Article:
• Making observations versus 2015.

        FMCM, UFO, Power Converter Trips, Single Event Effects

        Speakers: Ivan Romera Ramirez, Markus Zerlauth (CERN)
    • 3:40 PM
      Coffee Break
      Conveners: Alessio Mereghetti, Giovanni Iadarola
      • 12
        Optics control in 2016

        Main points to be addressed:
        • Achieved beta-beating and DQmin level
        • IP beta and waist uncertainties
        • Linear optics and coupling reproducibility and evolution (Run 1 vs Run 2)
        • Status of the automatic coupling correction (DOROS, ADT-AC dipole)
        • Possible efficiency improvements:
        o How can we speed up the process?
        o How reusable are optics corrections from one year to the next?
        o What could be performed by OP without expert support?
        • Needs for 2017 optics commissioning

        Speaker: Tobias Hakan Bjorn Persson
      • 13
        Non-linear corrections

        Main points to be addressed:
        • Status of non-linear corrections in the LHC
        • Present and future needs for IR non-linear corrections (LHC, HL-LHC)
        o Do we need them in LHC at b*=~30cm?
        • Methods and MD results
        • IR non-linear corrections for operation in 2017:
        o Are methods and tools ready?
        o What are the requirements in terms of commissioning time?

        Speaker: Ewen Hamish Maclean
      • 14
        Experience with the ATS optics

        Main points to be addressed:
        • MD results (aperture, optics correction, chromatic properties, b reach,
        collimation, etc.)
        • Is it ready for 2017 physics?
        o Any limitation left? (phase advance MKD-TCT, CT-PPS/AFP normalised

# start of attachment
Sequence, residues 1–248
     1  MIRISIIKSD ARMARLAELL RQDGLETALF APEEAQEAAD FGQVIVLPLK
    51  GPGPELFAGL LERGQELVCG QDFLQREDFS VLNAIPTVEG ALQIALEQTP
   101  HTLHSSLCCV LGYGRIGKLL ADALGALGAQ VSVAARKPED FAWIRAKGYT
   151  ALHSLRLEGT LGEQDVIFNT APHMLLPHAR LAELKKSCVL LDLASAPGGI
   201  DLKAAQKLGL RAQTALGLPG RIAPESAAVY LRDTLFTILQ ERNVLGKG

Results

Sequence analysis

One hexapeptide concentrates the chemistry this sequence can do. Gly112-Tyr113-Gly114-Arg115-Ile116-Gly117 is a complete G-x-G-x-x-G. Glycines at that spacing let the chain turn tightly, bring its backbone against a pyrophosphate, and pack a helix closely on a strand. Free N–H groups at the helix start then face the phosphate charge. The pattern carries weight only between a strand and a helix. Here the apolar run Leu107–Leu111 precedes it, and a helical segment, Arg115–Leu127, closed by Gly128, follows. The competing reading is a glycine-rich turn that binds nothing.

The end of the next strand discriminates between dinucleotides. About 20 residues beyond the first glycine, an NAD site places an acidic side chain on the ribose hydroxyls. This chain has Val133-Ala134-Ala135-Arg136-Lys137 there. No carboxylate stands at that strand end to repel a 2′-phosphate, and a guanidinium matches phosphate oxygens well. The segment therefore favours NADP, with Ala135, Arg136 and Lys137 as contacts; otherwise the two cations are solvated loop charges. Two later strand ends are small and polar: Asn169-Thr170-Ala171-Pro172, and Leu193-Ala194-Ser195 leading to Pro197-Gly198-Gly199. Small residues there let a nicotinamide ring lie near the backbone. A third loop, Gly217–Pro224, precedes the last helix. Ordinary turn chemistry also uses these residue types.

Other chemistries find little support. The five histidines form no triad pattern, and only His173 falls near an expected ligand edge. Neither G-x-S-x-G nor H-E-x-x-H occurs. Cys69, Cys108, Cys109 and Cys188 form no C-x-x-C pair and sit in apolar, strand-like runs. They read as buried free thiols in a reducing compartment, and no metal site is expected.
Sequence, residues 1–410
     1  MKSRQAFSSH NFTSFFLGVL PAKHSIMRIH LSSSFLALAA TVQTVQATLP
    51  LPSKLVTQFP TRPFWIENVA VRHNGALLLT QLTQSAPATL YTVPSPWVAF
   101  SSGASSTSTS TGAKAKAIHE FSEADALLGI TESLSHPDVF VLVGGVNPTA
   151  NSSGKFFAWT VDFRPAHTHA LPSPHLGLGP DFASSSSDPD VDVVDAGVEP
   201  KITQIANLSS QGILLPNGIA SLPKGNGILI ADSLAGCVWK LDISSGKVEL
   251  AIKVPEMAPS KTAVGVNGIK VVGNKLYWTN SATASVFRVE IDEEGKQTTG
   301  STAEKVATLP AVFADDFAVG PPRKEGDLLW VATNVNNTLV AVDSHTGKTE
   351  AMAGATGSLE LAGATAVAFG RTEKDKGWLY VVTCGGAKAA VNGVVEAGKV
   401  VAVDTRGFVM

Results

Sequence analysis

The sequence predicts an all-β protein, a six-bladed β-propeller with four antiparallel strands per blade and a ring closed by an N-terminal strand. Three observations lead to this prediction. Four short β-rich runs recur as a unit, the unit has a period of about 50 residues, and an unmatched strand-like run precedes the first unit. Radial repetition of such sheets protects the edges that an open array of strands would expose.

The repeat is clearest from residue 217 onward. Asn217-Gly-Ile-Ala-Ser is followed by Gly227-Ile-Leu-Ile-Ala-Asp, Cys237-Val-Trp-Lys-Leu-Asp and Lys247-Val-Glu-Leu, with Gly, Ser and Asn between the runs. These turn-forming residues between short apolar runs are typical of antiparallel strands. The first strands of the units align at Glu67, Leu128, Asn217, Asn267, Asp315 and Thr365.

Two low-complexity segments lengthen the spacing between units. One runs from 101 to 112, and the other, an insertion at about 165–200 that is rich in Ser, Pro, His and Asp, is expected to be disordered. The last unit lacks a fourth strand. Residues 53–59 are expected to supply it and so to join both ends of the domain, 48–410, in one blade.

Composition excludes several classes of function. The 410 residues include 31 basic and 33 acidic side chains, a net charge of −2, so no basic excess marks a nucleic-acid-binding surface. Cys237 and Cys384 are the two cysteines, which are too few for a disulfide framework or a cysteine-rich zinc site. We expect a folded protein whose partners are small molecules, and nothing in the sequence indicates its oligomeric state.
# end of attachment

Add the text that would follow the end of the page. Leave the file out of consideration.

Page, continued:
• Improvements or expected-problems with other operation modes:
        o High and intermediate b
        runs (forward physics in 2017 and beyond)
        o Ion operation (IP2 squeeze)
        • Future MD plans (flat, LR beam-beam compensation with octupoles?)

        Speakers: Rogelio Tomas Garcia (CERN), Stephane Fartoukh
      • 15
        Collimation: experience and performance

        Main points to be addressed:
        • Overview on 2016 performance (and comparison vs 2015)
        o Reminder of settings throughout the cycle
        o Cleaning (Run1 vs Run 2)
        o Aperture measurements
        o Effects of MKD-TCT change of phase advance in 2016
        • MDs (potential improvements for next year):
        o tighter collimation settings à hierarchy limit
        • Brief recap on ion experience
        • (MDs for further future: crystals, active halo control)

        Speaker: Daniele Mirarchi
      • 16
        Analysis of beam losses

        Main points to be addressed:
        • Different methods for lifetime estimation
        • Losses in the different phases of the cycle
        • Plane decomposition
        • Comparison against Run 1

        Speaker: Stefano Redaelli
    • 7:30 PM